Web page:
University of Rochester Library Bulletin: Howard Hanson's Manuscript Scores

Volume V · Winter 1950 · Number 2
Howard Hanson's Manuscript Scores

When, on November 19, 1949, Dr. Howard Hanson was honored by the faculty and alumni of the Eastman School of Music for his first quarter-century as Director of the School, he presented a number of his compositions in manuscript to the Sibley Music Library. Representing probably the largest collection of the holograph works of a contemporary American composer to be given at one time to the Library, the music is a most significant addition to the Americana already in the Treasure Room. Dr. Hanson has long been considered the greatest protagonist for American music. He is internationally known for his compositions in all forms, including four symphonies, numerous symphonic poems, his opera, Merry Mount, works for chorus and orchestra, concertos, and chamber music. Moreover, through his endeavors as an educator, conductor, writer, and lecturer, he has made Rochester one of the most active music centers of the world, and it is fitting that his own works in manuscript should remain in this city.

One of the most interesting of the early works represented in the collection is the California Forest Play of 1920, Opus 16, written to words by Don Richards, for this was the composition which won the Prix de Rome for Dr. Hanson. In reviewing the performance of the Forest Play at the California State Redwood Park, Marjorie M. Fisher reported in Musical America for July 24, 1920: "The theme of the play lies in the history of the Redwoods from the time of their sowing through the era of the Red Man up to the time of the saving of the forest from the commercial spirit of Man by the Spirit of Nature. It is in four episodes and a prologue, each episode complete in itself, and each presented in a different dramatic form. . . " The holograph score, carefully and closely written in a large oblong notebook of some twenty pages, is therefore divided into the following parts:

Prelude to Episode One
Episode One - Ballet, "The Awakening"
Episode Two - "The Sowing," cantata for soprano, baritone, and chorus
Episode Three - An Indian Opera
Episode Four - Finale

Dr. Hanson's largest orchestral works, the four symphonies, are found in the collection. The first symphony, entitled Nordic Symphony I, in E minor, Opus 21, is a black-and-white reproduction of the composer's holograph. It is dedicated to the founder of the music department of the American Academy at Rome, Felix Lamond, and is dated "Accademia Americana, Roma, May, 1922." On the fly leaf the composer has written:

Played by Rome Symphony
St. Louis Symphony
San Francisco Symphony
Cincinnati Symphony (summer)
Los Angeles Philharmonic (three times)
Kansas City Symphony
Rochester Philharmonic
Baltimore Symphony

giving a partial list of early performances of the work by the major orchestras. The first of Dr. Hanson's large orchestral works, the symphony is written in a cyclical manner and, as the subtitle suggests, pays tribute to the sterling qualities of the Nordic spirit.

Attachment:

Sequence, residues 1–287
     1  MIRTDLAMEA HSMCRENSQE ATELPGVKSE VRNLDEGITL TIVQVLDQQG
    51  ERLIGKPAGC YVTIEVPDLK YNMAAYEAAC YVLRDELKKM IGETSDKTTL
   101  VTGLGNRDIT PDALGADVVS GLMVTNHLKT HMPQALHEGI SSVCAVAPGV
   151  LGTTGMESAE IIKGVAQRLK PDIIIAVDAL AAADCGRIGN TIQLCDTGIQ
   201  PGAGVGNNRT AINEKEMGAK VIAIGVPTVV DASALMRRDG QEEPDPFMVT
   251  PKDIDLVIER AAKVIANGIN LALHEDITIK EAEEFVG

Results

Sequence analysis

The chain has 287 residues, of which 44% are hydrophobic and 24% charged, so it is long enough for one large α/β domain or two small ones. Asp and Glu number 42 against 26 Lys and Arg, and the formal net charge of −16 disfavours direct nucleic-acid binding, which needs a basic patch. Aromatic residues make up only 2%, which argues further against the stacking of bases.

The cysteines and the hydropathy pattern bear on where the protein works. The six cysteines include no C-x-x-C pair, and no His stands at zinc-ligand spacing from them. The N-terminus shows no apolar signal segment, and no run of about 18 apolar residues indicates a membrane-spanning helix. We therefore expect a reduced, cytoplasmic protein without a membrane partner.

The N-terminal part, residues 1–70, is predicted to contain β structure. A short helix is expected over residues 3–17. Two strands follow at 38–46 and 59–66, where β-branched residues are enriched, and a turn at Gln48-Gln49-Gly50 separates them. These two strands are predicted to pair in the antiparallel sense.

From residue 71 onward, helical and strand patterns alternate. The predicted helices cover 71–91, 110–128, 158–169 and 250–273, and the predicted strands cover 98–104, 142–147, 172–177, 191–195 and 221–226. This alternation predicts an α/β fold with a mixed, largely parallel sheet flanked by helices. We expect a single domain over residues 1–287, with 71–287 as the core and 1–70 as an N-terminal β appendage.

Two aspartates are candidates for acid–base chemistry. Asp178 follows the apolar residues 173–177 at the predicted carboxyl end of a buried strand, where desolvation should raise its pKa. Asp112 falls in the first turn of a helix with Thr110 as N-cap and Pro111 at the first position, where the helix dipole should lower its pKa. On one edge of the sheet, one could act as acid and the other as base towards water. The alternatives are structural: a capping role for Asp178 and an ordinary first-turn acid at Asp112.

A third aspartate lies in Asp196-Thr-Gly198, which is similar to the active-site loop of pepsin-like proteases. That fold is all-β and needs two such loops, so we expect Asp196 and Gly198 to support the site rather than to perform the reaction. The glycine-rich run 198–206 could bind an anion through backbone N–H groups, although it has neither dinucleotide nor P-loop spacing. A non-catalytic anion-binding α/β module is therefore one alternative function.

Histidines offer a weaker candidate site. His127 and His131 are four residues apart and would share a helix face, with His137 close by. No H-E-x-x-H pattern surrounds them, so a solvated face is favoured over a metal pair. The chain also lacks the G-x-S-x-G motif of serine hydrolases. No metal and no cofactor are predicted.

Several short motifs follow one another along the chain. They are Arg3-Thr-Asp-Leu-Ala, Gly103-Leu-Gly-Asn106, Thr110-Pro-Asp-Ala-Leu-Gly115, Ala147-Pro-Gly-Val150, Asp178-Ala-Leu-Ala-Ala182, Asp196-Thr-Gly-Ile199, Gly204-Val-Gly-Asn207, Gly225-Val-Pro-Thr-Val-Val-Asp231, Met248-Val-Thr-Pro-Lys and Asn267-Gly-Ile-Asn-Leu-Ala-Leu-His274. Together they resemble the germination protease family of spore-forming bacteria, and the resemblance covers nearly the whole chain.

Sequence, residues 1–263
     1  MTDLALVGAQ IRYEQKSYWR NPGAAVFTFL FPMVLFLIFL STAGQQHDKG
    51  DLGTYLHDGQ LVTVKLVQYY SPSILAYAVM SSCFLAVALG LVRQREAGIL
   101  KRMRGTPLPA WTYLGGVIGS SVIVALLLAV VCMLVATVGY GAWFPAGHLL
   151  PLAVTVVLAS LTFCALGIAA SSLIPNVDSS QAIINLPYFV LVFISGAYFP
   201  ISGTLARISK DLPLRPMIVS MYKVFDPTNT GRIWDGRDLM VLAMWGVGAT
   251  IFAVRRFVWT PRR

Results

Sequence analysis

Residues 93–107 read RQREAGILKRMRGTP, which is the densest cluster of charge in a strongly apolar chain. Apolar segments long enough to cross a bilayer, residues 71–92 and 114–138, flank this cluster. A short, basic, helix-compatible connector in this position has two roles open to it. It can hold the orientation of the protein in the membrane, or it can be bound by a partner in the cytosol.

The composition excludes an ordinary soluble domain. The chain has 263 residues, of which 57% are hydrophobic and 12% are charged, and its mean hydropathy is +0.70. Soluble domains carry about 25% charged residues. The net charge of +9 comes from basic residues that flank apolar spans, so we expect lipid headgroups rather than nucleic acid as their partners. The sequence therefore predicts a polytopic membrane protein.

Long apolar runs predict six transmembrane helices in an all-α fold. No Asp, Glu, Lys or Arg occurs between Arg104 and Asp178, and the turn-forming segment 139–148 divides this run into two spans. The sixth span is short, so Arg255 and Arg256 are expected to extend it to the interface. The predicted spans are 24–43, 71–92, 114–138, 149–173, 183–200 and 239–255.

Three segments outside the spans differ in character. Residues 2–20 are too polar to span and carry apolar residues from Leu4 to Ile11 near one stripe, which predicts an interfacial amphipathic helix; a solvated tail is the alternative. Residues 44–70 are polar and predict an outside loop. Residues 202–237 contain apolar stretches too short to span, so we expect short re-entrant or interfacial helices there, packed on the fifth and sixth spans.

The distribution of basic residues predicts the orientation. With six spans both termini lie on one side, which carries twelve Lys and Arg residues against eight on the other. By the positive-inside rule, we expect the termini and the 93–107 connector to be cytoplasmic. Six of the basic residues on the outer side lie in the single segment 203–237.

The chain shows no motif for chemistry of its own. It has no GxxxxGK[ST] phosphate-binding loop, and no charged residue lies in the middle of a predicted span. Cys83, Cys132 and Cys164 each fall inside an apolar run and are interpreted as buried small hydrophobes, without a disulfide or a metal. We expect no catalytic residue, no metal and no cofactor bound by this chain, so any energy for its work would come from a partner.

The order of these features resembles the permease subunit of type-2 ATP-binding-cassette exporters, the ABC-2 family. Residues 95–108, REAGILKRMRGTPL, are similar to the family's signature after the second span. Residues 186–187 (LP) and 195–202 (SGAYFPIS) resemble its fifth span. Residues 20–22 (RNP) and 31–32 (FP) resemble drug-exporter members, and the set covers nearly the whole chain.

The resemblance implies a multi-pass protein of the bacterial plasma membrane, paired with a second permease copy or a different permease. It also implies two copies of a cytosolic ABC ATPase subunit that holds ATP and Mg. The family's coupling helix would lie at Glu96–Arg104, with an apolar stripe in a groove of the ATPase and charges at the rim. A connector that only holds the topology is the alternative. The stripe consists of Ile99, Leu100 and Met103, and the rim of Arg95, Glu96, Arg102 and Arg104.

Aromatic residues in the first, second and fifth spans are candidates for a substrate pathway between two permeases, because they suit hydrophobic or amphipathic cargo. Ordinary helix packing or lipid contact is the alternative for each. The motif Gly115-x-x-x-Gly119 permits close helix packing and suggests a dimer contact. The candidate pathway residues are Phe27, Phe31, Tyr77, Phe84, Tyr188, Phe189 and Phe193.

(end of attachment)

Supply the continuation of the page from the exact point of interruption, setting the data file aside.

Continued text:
The score of the second symphony is labeled Symphony No. II, "Romantic," Opus 30, and bears the inscription on the final page "Begun April, 1928 -- Finished July 6, 1930." Commissioned for the celebration of the fiftieth anniversary of the Boston Symphony Orchestra, the work was given its first performance by that organization under the direction of Serge Koussevitzky on November 28, 1930. Its first New York performance was in March, 1933, by the New York Philharmonic conducted by Arturo Toscanini, whose markings, boldly written in dark blue crayon, remain on the score. The subtitle, "Romantic," represents the composer's escape from the hard realism which occupied a prominent place in the musical thinking of the late twenties and early thirties; the aim was to create a freely lyrical and romantic composition rather than a coldly intellectual succession of images. That the symphony is successful has been attested to by the many performances it has been given by the major orchestras, both here and abroad, its popularity even spreading to the Orient.

The third symphony was commissioned by the Columbia Broadcasting Company, and even before it was completed, three of its movements were heard on a radio program on September 19, 1937, with Dr. Hanson conducting. The holograph score of this composition, Opus 33, is 169 pages in length and is the completed form of the symphony, bearing the date March 15, 1938. On March 26 the entire symphony was performed by the N. B. C. orchestra, again under the direction of the composer. Although this work has no subtitle, it represents a tribute to the sturdiness of the Nordic pioneers in America, particularly in conquering the West. The score contains markings by Serge Koussevitzky, who conducted the Boston Symphony when that organization played the symphony on December 11, 1939.